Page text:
Both the Rev. Karen Onesti and Rabbi Andrew Bossov were in good spirits and relatively good health yesterday, 48 hours after she donated a kidney to him.

They were both up walking together, urine bags in hand.

"I've got my purse," Onesti joked.

Onesti, 49, and Bossov, 47, are clergy in Mount Laurel, and know one another through an interfaith group. When she heard last year that his kidneys had failed, she offered one of hers.

He was stunned. They were, at best, casual acquaintances.

Onesti said she thought that donating the kidney was a way of putting God's words into action. Both said they felt the hand of God in this transplant and hoped it would encourage others to donate kidneys. The operation was performed Tuesday afternoon at the Hospital of the University of Pennsylvania.

Even though she was in significant pain yesterday, Onesti said she had no regrets.

"Just seeing how good he's feeling, how good he looks - that's such a blessing," she said.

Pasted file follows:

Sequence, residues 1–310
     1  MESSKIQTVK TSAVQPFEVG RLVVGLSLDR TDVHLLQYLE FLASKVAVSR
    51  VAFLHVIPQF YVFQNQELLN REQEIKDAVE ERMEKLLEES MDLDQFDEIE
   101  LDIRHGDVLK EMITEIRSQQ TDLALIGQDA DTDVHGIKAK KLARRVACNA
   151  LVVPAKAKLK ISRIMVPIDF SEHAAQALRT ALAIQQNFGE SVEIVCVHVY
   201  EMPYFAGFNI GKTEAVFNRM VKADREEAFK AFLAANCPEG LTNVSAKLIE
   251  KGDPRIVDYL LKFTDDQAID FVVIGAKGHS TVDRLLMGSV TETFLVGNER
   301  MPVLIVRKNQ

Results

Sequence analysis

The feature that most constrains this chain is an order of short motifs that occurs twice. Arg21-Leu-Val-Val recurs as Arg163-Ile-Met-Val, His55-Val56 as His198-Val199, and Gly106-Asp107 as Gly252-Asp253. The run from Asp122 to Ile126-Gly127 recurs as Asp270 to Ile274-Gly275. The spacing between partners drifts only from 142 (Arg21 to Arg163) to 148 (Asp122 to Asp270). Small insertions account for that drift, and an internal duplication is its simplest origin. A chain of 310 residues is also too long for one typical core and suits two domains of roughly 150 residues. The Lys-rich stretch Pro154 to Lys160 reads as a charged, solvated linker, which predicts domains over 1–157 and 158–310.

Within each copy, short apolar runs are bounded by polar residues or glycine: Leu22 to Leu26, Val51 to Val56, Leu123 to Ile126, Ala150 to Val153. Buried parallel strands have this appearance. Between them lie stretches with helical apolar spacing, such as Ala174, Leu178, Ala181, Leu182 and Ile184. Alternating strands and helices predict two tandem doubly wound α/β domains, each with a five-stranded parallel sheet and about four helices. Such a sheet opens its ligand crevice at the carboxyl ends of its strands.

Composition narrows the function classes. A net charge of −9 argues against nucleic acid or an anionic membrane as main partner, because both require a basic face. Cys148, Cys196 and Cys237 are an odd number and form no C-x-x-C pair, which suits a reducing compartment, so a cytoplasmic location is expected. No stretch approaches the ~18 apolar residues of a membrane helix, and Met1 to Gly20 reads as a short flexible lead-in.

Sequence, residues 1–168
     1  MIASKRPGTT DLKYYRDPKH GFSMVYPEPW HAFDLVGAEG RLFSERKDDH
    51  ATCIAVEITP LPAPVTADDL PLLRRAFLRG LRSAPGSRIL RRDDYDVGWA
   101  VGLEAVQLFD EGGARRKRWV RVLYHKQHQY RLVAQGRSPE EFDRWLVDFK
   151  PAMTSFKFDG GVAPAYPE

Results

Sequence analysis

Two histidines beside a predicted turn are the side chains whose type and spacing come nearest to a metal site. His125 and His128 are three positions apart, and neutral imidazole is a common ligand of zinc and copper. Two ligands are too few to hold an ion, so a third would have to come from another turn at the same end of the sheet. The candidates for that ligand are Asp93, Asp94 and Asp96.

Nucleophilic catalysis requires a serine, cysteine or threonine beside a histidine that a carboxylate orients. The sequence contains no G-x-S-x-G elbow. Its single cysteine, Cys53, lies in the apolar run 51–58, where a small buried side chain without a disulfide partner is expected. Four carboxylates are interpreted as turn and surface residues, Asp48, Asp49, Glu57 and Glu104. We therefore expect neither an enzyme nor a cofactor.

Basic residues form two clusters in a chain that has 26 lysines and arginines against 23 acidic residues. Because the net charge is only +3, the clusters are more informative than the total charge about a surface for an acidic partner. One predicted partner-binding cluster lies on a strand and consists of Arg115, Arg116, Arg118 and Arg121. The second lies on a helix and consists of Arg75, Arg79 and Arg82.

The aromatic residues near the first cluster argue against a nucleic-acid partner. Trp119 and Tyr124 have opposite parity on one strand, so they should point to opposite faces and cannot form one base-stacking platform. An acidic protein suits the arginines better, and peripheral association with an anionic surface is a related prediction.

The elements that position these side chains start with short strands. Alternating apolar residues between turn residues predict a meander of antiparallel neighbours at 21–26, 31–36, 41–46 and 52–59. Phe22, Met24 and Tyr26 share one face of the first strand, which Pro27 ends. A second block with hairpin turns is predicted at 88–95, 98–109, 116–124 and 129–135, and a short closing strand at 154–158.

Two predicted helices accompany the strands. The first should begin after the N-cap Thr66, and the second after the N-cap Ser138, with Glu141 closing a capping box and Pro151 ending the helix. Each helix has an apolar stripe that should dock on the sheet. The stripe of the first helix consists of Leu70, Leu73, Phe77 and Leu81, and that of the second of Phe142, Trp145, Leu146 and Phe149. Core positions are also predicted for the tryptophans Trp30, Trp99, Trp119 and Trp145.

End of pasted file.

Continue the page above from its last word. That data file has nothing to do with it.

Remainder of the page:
The two are in adjacent rooms, spending lots of time together. The rabbi joked that his father was calling her more than his own son.

Doctors said the surgery was a success, and both patients said their single kidneys were working perfectly.

"We're doing well," the rabbi said. "I still have a catheter in me. I'd like that to go."

"Likewise," said Onesti.

The rabbi wore a T-shirt covered with good wishes written by members of both congregations - Adath Emanu-El synagogue and Masonville-Rancocas United Methodist Church.

Removing a kidney is a more punishing surgery than receiving a new one, and Onesti appeared to be in more discomfort than the rabbi.

Bossov said doctors told him he could be discharged as early as tomorrow, but he was reluctant.

"I would feel very funny leaving before Karen," he said.

She had given him the gift of life and he couldn't imagine leaving her behind.

Contact staff writer Michael Vitez at 215-854-5639 or mvitez@phillynews.com.